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    Button class="" Description
    btn Standard gray button with gradient
    btn btn-primary Provides extra visual weight and identifies the primary action in a set of buttons
    btn btn-info Used as an alternate to the default styles
    btn btn-success Indicates a successful or positive action
    btn btn-warning Indicates caution should be taken with this action
    btn btn-danger Indicates a dangerous or potentially negative action
    btn btn-inverse Alternate dark gray button, not tied to a semantic action or use

    Buttons for actions

    As a convention, buttons should only be used for actions while hyperlinks are to be used for objects. For instance, "Download" should be a button while "recent activity" should be a link.

    Button styles can be applied to anything with the .btn class applied. However, typically you'll want to apply these to only <a> and <button> elements.

    Cross browser compatibility

    IE9 doesn't crop background gradients on rounded corners, so we remove it. Related, IE9 jankifies disabled button elements, rendering text gray with a nasty text-shadow that we cannot fix.

    Multiple sizes

    Fancy larger or smaller buttons? Add .btn-large, .btn-small, or .btn-mini for two additional sizes.


    Disabled state

    For disabled buttons, add the .disabled class to links and the disabled attribute for <button> elements.

    Primary link Link

    Heads up! We use .disabled as a utility class here, similar to the common .active class, so no prefix is required.

    One class, multiple tags

    Use the .btn class on an <a>, <button>, or <input> element.

    Link
    <a class="btn" href="">Link</a>
    <button class="btn" type="submit">
      Button
    </button>
    <input class="btn" type="button"
             value="Input">
    <input class="btn" type="submit"
             value="Submit">

    As a best practice, try to match the element for you context to ensure matching cross-browser rendering. If you have an input, use an <input type="submit"> for your button.

    • icon-glass
    • icon-music
    • icon-search
    • icon-envelope
    • icon-heart
    • icon-star
    • icon-star-empty
    • icon-user
    • icon-film
    • icon-th-large
    • icon-th
    • icon-th-list
    • icon-ok
    • icon-remove
    • icon-zoom-in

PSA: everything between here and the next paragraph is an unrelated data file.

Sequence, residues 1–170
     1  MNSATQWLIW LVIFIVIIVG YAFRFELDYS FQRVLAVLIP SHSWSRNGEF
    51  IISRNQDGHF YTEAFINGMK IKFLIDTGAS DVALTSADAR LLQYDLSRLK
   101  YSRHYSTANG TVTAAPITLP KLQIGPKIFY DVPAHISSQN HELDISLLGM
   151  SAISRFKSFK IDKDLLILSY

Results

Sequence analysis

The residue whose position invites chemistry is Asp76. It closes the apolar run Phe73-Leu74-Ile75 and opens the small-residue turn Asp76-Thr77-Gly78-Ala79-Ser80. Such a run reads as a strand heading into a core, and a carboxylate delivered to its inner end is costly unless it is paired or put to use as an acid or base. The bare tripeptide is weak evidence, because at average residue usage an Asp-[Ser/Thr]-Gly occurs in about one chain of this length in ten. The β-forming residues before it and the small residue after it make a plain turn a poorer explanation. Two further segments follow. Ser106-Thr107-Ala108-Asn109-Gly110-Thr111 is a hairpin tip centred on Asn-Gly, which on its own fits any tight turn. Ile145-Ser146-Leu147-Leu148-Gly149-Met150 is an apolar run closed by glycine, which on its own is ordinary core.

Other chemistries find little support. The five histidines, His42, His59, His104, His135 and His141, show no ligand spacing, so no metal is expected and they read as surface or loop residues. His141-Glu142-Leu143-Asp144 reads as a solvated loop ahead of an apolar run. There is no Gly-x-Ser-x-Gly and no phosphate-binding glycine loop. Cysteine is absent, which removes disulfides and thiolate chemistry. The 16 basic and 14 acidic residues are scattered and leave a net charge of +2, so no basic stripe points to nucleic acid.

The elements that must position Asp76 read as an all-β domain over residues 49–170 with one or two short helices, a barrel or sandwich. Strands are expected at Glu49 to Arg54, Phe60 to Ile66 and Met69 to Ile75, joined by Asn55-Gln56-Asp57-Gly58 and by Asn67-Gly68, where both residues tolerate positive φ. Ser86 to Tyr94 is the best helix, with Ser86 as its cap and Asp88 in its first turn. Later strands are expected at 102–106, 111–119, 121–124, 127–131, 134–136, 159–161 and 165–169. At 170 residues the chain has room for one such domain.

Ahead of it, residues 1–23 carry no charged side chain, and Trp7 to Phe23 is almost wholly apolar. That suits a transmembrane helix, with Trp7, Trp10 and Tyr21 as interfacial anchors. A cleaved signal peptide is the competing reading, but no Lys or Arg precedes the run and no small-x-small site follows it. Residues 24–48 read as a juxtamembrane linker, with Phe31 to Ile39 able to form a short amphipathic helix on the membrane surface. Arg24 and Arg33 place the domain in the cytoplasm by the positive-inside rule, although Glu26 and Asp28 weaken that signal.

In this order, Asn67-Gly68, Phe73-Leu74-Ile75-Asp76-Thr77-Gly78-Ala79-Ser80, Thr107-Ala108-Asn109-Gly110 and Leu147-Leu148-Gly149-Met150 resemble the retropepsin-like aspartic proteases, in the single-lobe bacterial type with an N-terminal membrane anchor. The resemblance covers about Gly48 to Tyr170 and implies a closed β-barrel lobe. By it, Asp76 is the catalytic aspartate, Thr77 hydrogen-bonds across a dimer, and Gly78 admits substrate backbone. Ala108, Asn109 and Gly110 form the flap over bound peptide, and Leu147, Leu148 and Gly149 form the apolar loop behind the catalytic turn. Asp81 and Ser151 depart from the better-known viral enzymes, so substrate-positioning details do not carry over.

• icon-zoom-out
    • icon-off
    • icon-signal
    • icon-cog
    • icon-trash
    • icon-home
    • icon-file
    • icon-time
    • icon-road
    • icon-download-alt
    • icon-download
    • icon-upload
    • icon-inbox
    • icon-play-circle
    • icon-repeat
    • icon-refresh
    • icon-list-alt
    • icon-lock
    • icon-flag
    • icon-headphones
    • icon-volume-off
    • icon-volume-down
    • icon-volume-up
    • icon-qrcode
    • icon-barcode
    • icon-tag
    • icon-tags
    • icon-book
    • icon-bookmark
    • icon-print
    • icon-camera
    • icon-font
    • icon-bold
    • icon-italic
    • icon-text-height
    • icon-text-width
    • icon-align-left
    • icon-align-center
    • icon-align-right
    • icon-align-justify
    • icon-list
    • icon-indent-left
    • icon-indent-right
    • icon-facetime-video
    • icon-picture
    • icon-pencil
    • icon-map-marker
    • icon-adjust
    • icon-tint
    • icon-edit
    • icon-share
    • icon-check
    • icon-move
    • icon-step-backward
    • icon-fast-backward
    • icon-backward
    • icon-play
    • icon-pause
    • icon-stop
    • icon-forward
    • icon-fast-forward
    • icon-step-forward
    • icon-eject
    • icon-chevron-left
    • icon-chevron-right
    • icon-plus-sign
    • icon-minus-sign
    • icon-remove-sign
    • icon-ok-sign
    • icon-question-sign
    • icon-info-sign
    • icon-screenshot
    • icon-remove-circle
    • icon-ok-circle
    • icon-ban-circle
    • icon-arrow-left
    • icon-arrow-right
    • icon-arrow-up
    • icon-arrow-down
    • icon-share-alt
    • icon-resize-full
    • icon-resize-small
    • icon-plus
    • icon-minus
    • icon-asterisk
    • icon-exclamation-sign
    • icon-gift
    • icon-leaf
    • icon-fire
    • icon-eye-open
    • icon-eye-close
    • icon-warning-sign
    • icon-plane
    • icon-calendar
    • icon-random
    • icon-comment
    • icon-magnet
    • icon-chevron-up
    • icon-chevron-down
    • icon-retweet
    • icon-shopping-cart
    • icon-folder-close
    • icon-folder-open
    • icon-resize-vertical
    • icon-resize-horizontal

    Built as a sprite

    Instead of making every icon an extra request, we've compiled them into a sprite—a bunch of images in one file that uses CSS to position the images with background-position. This is the same method we use on Twitter.com and it has worked well for us.